Industries like ad agencies, radio stations, consulting firms, temp agencies, insurance brokers, and professional practices use multiples of gross sales as a valuation method. The multiples of gross sales vary based on the business, sales predictability from year to year, etc. In general, a business starts with the multiplier and adjusts depending on industry specifics. For instance, the multiplier might be three times sales. But if the company has seen steady and robust growth in the past few years, it may boost the multiplier to 3.5 or more.
Using the discounted cash-flow approach
Some businessmen use this valuation method to determine the value of their business. The cash-flow analysis looks at the money that the company generates annually, projects it into the future and discounts the future cash flow value today. It uses data from a cash-flow statement to highlights cash flow into and out of the business over a specific time.
Revenue is the crudest way to value a business. If your company sells $50,000 annually, you can think of it as a $50,000 revenue stream. Usually, the value of a business is a multiple of its revenue. Depending on the industry, the business can sell for “one times sales” or “two times sales,” and so on. An experienced business broker can help research sales multiples in your industry.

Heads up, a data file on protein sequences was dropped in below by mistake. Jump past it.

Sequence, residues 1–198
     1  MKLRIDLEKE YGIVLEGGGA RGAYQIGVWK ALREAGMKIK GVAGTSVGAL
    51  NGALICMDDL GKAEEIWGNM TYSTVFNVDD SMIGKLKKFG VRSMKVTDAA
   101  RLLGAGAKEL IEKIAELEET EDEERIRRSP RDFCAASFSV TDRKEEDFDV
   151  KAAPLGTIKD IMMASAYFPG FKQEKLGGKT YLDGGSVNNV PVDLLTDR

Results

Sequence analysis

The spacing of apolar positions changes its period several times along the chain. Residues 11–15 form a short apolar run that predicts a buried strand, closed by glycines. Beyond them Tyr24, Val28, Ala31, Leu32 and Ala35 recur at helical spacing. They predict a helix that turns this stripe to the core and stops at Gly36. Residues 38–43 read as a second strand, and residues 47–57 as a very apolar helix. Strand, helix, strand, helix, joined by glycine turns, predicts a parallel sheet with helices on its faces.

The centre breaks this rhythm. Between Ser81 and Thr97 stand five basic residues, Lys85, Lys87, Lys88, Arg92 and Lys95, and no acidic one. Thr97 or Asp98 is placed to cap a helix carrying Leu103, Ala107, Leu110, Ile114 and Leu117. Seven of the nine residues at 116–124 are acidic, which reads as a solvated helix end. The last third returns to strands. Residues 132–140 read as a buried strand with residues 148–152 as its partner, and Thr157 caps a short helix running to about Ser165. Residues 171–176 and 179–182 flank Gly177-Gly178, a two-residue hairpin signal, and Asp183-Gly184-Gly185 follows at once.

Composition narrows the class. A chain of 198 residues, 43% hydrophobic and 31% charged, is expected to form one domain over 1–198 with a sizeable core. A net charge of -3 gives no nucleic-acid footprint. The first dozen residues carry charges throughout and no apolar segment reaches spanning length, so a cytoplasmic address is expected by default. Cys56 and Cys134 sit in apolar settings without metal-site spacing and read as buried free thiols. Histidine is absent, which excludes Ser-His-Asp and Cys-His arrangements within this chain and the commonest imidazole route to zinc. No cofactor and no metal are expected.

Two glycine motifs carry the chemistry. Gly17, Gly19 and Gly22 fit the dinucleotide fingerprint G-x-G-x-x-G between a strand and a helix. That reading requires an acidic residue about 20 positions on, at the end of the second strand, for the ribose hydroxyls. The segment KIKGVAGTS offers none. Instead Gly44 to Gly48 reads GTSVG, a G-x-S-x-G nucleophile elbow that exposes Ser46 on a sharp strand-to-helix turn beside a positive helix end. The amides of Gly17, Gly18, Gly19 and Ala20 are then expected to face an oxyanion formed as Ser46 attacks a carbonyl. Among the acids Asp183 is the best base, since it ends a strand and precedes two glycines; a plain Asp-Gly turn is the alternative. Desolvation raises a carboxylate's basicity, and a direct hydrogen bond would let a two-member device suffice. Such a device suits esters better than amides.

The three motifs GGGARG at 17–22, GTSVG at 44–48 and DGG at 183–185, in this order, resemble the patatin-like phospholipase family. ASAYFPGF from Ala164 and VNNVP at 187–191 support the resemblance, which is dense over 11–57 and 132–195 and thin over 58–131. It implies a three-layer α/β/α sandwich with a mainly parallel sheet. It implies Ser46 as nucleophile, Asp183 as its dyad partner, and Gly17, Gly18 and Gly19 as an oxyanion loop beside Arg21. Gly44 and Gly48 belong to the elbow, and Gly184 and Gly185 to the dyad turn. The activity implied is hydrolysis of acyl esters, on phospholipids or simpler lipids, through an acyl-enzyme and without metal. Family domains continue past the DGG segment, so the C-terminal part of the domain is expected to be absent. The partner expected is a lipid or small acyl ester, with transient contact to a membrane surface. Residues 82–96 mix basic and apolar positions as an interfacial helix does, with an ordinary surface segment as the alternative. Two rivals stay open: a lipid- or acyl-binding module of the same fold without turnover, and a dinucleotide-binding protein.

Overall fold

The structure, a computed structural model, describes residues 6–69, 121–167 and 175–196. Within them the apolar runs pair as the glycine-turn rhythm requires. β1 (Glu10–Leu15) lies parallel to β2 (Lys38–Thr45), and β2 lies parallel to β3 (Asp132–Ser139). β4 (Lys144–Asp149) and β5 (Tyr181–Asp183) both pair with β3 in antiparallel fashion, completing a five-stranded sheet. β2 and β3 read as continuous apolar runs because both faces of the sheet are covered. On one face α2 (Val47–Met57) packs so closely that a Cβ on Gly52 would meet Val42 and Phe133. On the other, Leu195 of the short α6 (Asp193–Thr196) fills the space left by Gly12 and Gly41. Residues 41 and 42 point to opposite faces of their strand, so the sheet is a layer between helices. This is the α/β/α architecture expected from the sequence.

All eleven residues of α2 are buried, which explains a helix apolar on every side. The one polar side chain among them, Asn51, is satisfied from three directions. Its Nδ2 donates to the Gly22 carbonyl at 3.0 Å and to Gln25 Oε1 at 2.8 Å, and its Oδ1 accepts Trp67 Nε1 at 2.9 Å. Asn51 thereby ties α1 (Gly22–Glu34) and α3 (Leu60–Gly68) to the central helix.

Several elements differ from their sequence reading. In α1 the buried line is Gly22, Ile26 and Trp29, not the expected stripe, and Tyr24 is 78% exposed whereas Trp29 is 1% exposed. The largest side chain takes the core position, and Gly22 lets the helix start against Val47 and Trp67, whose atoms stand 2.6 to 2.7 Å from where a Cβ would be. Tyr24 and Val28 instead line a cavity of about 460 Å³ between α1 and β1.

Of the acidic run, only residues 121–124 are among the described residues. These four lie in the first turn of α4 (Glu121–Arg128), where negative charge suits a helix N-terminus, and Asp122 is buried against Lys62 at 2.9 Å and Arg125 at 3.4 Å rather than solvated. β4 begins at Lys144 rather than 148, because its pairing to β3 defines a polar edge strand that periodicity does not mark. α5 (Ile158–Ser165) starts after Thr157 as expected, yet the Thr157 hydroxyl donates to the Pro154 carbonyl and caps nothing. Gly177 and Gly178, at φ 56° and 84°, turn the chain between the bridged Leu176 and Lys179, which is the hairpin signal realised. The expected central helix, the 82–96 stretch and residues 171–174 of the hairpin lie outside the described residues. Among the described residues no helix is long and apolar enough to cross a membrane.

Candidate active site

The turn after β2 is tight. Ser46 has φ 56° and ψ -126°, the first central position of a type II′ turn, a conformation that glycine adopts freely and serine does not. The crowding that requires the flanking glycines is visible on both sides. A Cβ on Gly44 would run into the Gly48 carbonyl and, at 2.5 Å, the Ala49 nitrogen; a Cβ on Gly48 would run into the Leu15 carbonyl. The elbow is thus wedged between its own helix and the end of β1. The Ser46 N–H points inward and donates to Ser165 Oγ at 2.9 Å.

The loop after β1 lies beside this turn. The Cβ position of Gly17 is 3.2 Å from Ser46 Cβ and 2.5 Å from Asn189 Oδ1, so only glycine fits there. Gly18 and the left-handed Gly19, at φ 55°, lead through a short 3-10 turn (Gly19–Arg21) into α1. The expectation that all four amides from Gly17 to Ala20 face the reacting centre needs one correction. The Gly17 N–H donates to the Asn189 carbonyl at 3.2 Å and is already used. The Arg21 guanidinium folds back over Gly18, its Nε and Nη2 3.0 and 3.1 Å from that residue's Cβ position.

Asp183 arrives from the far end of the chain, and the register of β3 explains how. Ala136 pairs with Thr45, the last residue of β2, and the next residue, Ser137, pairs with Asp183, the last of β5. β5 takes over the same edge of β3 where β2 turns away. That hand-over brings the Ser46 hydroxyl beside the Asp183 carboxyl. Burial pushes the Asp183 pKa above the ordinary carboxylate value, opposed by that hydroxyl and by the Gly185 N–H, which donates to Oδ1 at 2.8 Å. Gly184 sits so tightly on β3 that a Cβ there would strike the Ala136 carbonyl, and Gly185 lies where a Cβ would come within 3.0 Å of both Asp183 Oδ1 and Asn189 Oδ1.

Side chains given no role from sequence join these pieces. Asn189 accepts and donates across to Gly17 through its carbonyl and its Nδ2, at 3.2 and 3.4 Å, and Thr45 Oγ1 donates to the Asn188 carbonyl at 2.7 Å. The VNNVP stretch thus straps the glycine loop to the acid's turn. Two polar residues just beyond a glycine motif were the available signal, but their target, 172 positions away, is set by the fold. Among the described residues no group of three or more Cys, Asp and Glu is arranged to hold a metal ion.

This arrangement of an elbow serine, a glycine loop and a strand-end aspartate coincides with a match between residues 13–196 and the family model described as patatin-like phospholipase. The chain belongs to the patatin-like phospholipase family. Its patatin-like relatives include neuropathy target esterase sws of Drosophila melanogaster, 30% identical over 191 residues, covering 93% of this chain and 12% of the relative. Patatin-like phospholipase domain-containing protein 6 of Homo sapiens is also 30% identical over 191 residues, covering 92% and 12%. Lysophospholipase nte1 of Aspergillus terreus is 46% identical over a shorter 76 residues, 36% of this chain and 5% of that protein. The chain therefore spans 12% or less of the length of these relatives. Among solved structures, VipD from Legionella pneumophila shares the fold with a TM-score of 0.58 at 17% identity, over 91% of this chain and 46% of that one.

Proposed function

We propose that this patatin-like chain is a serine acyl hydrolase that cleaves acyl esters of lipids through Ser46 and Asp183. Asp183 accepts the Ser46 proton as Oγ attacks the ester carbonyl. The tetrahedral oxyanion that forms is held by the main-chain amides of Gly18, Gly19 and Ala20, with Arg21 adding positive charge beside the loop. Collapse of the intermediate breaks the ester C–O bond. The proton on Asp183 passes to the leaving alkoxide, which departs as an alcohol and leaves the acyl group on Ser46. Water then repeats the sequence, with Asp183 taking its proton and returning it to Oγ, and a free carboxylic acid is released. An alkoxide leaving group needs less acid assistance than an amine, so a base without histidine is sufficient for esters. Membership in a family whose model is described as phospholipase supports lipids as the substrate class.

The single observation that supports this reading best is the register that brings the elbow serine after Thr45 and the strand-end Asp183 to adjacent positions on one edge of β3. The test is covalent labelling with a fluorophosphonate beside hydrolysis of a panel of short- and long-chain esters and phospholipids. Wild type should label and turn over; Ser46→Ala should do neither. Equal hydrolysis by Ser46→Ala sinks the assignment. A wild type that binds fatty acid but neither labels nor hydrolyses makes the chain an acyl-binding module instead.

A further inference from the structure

Using the earnings multiples
Revenue doesn’t translate to profit. Think of it this way. How much will a prospect be willing to pay for a business with recurring $500 million annual revenue that they have to pump an extra $30 million annually to keep it afloat? Earnings multiples work this way; first, the net income or profits are determined. Then, Earnings Before Interests, Taxes, Depreciation, and Amortization (EBITDA) or interests and taxes [Earnings Before Interests and Taxes (EBIT)] are taken out of the basic earnings. Lastly, the final earnings number is multiplied by the number of shares.
If yours is a sole proprietorship or professional practice, then you can use discretionary earnings (SDE) where gross profits are obtained by deducting different costs. EBIDTA calculates the value of large businesses while SDE is for smaller ones.
Factors that impact business value
Several factors influence the value of privately-owned companies. They include:
- The overall size of the company
- Projected cash flow and revenue
- Quality of business
- Cyclical market forces
- Industry trends
- Cost of and availability of capital in the marketplace
A growing company that can demonstrate an upward cash flow trend in customer acquisition and retention and increasing market share is more appealing to buyers than one that shows little growth.
Size also plays a big part in determining value as those who want to buy a business assume that smaller companies have greater risks than larger ones. A firm that achieves at least $10 million in gross revenue while maintaining greater margins or benchmark is seen as a better opportunity than one that generates less.
External aspects like terrorism, disease outbreaks, relentless competition, and so on can also influence the way you sell your business. As an example, the 9/11 events saw an increase in the value of security and anti-terrorism businesses. On the other hand, the Coronavirus pandemic has impacted the real estate and other sectors because of less availability of capital in the marketplace.